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October Placeholder w/Lots of Words

October 2nd, 2001 - 3:06 a.m.

I'm Currently Avoiding:

This isn't an actual diary entry, it's just going to hold October in place after I get finished with the *real* entry which is going to be written after this one. So you can pretty much disregard it unless you want to read the plethora of words...

Yes, Plethora, that's what I said

obtuse (adj. ahb-TOOSS or ub-TOOSS)

1 a : not pointed or sharp b : exceeding 90 degrees but

less than 180 degrees

2 : not quick or keen of understanding or feeling

3 : difficult to comprehend

Obtuse, which comes to us from the Latin word obtusus, meaning dull, blunt, can describe an angle that is not acute or a person who has a dull or insensitive mind. The word has also developed a somewhat controversial third sense of hard to comprehend, unclear, probably as a result of confusion with abstruse. It is now possible to speak of obtuse language and obtuse explanations, as well as obtuse angles and obtuse readers. The unclear sense of obtuse is well established, but it may attract some criticism. If you are someone who is hesitant about using new meanings of words, you should probably stick with abstruse when your intended meaning is difficult to comprehend.

tchotchke CHAHCH-kuh (noun)

: knickknack, trinket

Just as trinkets can dress up your shelves or coffee table, many words for miscellaneous objects or nondescript junk decorate our language. Knickknack, doodad, gewgaw, and whatnot are some of the more common ones. While many such

words are of unknown origin, we know that tchotchke comes

from the Yiddish tshatshke of the same meaning, and ultimately from a now-obsolete Polish word, czaczko. Tchotchke is a pretty popular word these days, but it wasn't commonly used in English until the 1970s.

reticent REH-tuh-sunt (adjective)

1 : inclined to be silent or uncommunicative in speech

: reserved

2 : restrained in expression, presentation, or appearance

3 : reluctant

"Reticent" first appeared about 170 years ago, but the

"reluctant" sense of "reticent" is a mid-20th century

introduction. Though it is now well-established, this newer

sense bothers some, particularly because it has veered away

from the word's Latin origins -- "reticent" is from the verb "reticere," meaning "to keep silent." But there is some sense in the way the newer meaning developed. We first tended to use the "reluctant" sense of "reticent" when the context was speech (as in "reticent to talk about her past"), thus keeping the word close to its "silent" sense. Eventually, however, exclusive association with speech was abandoned. Now one can be "reticent" to do anything.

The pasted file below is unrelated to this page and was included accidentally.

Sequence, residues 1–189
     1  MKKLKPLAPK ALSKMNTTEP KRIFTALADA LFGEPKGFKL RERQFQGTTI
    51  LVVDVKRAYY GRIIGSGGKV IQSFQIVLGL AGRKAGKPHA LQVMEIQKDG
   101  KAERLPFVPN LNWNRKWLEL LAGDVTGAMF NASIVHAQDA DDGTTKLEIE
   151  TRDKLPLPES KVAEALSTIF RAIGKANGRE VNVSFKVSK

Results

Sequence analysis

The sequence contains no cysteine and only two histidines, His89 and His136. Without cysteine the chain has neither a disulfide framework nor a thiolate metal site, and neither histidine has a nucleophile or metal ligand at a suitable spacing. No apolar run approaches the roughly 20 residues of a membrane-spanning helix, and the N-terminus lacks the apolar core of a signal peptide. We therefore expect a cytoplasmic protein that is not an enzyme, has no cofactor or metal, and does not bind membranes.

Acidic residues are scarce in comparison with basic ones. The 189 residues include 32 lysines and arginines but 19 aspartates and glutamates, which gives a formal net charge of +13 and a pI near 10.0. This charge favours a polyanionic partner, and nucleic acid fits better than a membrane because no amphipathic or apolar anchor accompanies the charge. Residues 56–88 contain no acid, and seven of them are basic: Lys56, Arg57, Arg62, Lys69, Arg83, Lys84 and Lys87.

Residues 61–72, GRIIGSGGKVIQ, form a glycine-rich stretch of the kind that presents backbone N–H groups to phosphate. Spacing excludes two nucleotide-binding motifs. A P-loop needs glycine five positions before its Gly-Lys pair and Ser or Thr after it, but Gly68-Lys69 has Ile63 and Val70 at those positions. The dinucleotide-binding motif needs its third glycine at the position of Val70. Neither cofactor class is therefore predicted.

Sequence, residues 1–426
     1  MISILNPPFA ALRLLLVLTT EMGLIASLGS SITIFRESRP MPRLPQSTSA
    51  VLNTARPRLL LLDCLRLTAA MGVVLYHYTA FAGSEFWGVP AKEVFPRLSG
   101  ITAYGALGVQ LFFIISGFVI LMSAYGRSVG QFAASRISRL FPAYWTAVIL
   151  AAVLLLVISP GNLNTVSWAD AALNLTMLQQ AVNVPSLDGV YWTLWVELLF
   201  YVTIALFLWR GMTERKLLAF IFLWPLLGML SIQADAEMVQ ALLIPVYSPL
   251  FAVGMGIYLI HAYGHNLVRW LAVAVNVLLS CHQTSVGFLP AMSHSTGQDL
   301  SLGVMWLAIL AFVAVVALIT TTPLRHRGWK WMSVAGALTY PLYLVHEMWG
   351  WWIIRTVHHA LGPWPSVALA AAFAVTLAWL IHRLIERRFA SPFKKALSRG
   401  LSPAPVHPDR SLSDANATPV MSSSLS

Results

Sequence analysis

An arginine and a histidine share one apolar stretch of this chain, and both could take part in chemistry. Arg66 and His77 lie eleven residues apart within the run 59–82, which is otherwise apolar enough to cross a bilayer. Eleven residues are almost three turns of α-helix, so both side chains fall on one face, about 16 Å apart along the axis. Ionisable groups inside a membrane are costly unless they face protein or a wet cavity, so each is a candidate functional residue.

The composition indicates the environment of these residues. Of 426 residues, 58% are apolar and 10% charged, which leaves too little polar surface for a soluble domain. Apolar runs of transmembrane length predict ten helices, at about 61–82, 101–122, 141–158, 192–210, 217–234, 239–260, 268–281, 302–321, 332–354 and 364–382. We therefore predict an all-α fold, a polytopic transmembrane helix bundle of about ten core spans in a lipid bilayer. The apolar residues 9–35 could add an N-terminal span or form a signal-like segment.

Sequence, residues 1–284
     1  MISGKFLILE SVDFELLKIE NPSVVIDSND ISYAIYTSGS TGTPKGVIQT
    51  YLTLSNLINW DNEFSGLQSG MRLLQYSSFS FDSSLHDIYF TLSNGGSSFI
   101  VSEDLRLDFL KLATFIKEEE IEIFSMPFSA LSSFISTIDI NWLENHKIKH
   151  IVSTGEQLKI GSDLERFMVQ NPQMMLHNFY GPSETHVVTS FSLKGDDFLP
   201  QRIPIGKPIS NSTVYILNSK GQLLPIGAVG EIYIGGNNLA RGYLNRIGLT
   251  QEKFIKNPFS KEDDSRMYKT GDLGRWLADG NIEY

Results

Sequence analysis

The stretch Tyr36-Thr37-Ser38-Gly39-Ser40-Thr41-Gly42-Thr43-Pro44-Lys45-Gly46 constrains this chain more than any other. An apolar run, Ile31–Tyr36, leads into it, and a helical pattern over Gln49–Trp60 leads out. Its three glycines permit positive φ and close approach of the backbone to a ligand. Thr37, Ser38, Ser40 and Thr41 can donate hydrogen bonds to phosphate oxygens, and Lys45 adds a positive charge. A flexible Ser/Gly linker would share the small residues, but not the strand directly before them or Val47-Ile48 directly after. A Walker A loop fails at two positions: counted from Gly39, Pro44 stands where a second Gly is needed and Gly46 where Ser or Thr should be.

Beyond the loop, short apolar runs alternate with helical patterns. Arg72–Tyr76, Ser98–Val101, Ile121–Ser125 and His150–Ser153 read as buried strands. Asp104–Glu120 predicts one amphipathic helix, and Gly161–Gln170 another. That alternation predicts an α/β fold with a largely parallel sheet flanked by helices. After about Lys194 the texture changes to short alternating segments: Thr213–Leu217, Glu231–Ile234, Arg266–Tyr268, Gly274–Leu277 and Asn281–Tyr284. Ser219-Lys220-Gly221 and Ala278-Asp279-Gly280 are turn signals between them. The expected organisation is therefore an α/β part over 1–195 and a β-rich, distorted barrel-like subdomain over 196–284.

portentous por-TEN-tuss (adjective)

1 : of, relating to, or constituting a portent

2 : eliciting amazement or wonder

3 : self-consciously solemn or important : pompous

It's easy to see the "portent" in "portentous," which comes to us from the Latin adjective "portentosus," itself the offspring of the noun "portentum" ("portent"). And indeed the first uses of "portentous" referred to portents (omens which foreshadow coming events). However, "portentous" quickly developed a second sense, which focused upon the reactions of an observer to a portent, describing wonder and amazement. This was followed by a third sense applied to weighty self-importance and pomposity. These days, one can speak of such things as "portentous symbols," "portentous apparitions," and "portentous announcements."

swivet SWIH-vut (noun)

: a state of extreme agitation

People have been in a swivet over one thing or another

since the 1890s. That, at least, is when the word first

appeared in print, in a collection of "Peculiar Words and

Usages" of Kentucky published by the American Dialect Society. In the ensuing years, "swivet" popped up in other pockets of the South as well. Chances are it had already been around for some time before it was recorded in writing, and by the time it was, nobody could say where or how it had originated. What we do know is that its use gradually spread, so that by the 1950s it was regularly appearing in national magazines like _Time_ and _The New Yorker_. Thus it entered the mainstream of American English.



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